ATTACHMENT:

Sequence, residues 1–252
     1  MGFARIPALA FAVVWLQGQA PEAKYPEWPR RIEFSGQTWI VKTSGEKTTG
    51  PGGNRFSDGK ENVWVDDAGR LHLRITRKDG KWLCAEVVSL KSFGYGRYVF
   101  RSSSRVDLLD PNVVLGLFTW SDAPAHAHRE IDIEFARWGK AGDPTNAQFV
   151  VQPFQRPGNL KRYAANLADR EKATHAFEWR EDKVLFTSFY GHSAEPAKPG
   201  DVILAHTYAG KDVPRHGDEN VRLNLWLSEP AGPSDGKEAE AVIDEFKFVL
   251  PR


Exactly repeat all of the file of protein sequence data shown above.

Sequence, residues 1–252
     1  MGFARIPALA FAVVWLQGQA PEAKYPEWPR RIEFSGQTWI VKTSGEKTTG
    51  PGGNRFSDGK ENVWVDDAGR LHLRITRKDG KWLCAEVVSL KSFGYGRYVF
   101  RSSSRVDLLD PNVVLGLFTW SDAPAHAHRE IDIEFARWGK AGDPTNAQFV
   151  VQPFQRPGNL KRYAANLADR EKATHAFEWR EDKVLFTSFY GHSAEPAKPG
   201  DVILAHTYAG KDVPRHGDEN VRLNLWLSEP AGPSDGKEAE AVIDEFKFVL
   251  PR